mountain Frontier may be qualified by a number of considerations arising from its physical structure. Of course a range or ridge with a sharply defined crest is the best of all. But sometimes the mountain-barrier may be, not a ridge or even a range, but a tumbled mass of peaks and gorges, covering a zone many miles in width (for instance, the breadth of the Himalayas north of Kashmir is little short of 200 miles), and within this area the inhabitants may be independent or hostile. Such has been the case with a large portion of the Pathan Frontier of India, where the physical conformation of the border lends an immense advantage to the holders of the mountains against the occupants of the plains. The desire to counteract this advantage and to transfer it to the Cis-border Power has led to the pursuit of what is known as the Scientific Frontier, i.e. a Frontier which unites natural and strategical strength, and by placing both the entrance and the exit of the passes in the hands of the defending Power, compels the enemy to conquer the approach before he can use the passage. It is this policy that has carried the Indian outposts to Lundi Khana, to Quetta, and to Chaman, all of them beyond the passes, whose outer extremities they guard.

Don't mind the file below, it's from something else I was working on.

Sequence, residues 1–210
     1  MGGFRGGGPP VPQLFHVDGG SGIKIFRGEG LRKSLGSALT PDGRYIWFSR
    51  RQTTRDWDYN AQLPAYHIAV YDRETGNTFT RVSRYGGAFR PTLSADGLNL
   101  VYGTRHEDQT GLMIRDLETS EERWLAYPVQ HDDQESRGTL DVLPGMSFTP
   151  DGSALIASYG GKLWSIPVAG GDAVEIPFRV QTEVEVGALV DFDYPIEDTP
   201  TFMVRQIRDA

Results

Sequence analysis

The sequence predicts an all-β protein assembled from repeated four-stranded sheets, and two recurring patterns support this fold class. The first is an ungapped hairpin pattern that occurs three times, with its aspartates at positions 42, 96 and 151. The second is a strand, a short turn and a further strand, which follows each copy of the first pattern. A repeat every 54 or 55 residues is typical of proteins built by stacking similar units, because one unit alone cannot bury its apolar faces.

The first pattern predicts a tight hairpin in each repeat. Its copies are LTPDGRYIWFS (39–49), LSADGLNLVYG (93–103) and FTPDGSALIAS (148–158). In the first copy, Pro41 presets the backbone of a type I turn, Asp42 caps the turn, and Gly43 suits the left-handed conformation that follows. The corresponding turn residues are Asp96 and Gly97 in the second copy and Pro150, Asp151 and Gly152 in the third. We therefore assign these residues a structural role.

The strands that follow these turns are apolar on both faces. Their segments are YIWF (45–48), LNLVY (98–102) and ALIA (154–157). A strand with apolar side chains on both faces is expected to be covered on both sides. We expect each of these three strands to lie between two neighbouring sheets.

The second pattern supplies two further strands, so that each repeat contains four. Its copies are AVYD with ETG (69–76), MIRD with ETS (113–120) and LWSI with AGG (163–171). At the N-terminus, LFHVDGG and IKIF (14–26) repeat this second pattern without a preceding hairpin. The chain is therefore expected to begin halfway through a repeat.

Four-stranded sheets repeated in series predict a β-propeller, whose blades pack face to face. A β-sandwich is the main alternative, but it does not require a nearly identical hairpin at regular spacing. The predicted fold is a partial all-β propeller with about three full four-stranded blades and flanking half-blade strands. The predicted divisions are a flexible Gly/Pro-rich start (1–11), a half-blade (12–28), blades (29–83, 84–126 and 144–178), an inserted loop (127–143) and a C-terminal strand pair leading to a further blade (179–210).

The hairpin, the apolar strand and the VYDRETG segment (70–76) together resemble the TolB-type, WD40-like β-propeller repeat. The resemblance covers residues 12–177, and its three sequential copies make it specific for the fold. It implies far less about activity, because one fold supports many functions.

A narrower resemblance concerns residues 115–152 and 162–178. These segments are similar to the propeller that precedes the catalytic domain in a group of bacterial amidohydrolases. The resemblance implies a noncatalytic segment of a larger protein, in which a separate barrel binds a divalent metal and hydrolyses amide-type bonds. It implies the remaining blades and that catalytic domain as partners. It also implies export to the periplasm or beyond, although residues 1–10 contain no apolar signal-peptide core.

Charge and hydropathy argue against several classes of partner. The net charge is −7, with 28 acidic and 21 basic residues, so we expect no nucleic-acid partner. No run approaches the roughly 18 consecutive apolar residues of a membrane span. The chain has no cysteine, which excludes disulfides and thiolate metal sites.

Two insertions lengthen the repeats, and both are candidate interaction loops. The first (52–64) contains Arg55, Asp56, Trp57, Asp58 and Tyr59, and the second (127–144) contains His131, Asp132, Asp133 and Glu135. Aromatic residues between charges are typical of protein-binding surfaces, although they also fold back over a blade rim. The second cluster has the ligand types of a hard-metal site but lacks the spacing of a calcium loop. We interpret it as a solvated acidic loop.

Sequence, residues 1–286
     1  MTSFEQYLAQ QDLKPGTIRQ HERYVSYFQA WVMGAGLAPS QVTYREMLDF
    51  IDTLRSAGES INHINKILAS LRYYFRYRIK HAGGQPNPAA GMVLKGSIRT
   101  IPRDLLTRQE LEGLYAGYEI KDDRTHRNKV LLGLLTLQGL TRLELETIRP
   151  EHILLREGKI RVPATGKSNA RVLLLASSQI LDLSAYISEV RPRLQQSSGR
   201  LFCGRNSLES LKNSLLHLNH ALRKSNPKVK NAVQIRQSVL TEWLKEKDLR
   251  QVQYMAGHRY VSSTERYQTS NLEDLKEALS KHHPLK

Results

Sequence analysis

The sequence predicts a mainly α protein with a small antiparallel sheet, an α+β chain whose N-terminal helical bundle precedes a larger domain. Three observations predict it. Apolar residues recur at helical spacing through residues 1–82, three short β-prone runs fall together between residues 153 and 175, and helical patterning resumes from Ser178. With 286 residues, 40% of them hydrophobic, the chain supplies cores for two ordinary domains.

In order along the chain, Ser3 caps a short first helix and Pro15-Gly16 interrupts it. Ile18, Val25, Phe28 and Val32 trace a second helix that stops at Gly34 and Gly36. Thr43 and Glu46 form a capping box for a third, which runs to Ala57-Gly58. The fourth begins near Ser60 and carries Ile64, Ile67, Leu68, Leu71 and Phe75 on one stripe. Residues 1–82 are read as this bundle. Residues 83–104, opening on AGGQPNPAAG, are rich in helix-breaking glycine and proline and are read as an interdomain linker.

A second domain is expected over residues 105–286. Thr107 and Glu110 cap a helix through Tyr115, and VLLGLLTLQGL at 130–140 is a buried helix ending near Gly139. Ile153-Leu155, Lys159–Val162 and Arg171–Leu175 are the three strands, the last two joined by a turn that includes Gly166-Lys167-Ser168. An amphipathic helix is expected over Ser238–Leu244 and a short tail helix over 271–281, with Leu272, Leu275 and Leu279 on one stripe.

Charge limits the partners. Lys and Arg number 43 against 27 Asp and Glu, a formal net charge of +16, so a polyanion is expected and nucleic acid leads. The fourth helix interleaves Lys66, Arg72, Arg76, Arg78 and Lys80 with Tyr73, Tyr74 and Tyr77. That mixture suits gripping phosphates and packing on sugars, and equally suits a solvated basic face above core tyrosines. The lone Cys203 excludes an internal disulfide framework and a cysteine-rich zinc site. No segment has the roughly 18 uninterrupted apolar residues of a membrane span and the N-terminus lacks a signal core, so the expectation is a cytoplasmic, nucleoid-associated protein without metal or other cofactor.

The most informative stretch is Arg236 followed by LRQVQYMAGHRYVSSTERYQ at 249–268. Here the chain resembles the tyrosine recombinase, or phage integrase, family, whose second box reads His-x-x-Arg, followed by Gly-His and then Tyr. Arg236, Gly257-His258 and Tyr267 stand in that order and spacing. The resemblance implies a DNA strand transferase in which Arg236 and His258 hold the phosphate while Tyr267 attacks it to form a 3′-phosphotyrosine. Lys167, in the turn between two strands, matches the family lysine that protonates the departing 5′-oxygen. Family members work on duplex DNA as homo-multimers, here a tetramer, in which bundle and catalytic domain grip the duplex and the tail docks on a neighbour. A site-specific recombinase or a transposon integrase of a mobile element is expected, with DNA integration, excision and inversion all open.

In every mountain border, where the entire mountainous belt does not fall under the control of a single Power, the crest or water-divide is the best and fairest line of division; for it is not exposed to physical change, it is always capable of identification, and no instruments are required to fix it. But it is not without its possible drawbacks, of which the most familiar is the well-known geographical fact that in the greatest mountain systems of the world, for instance, the Himalayas and the Andes, the water-divide is not identical with the highest crest,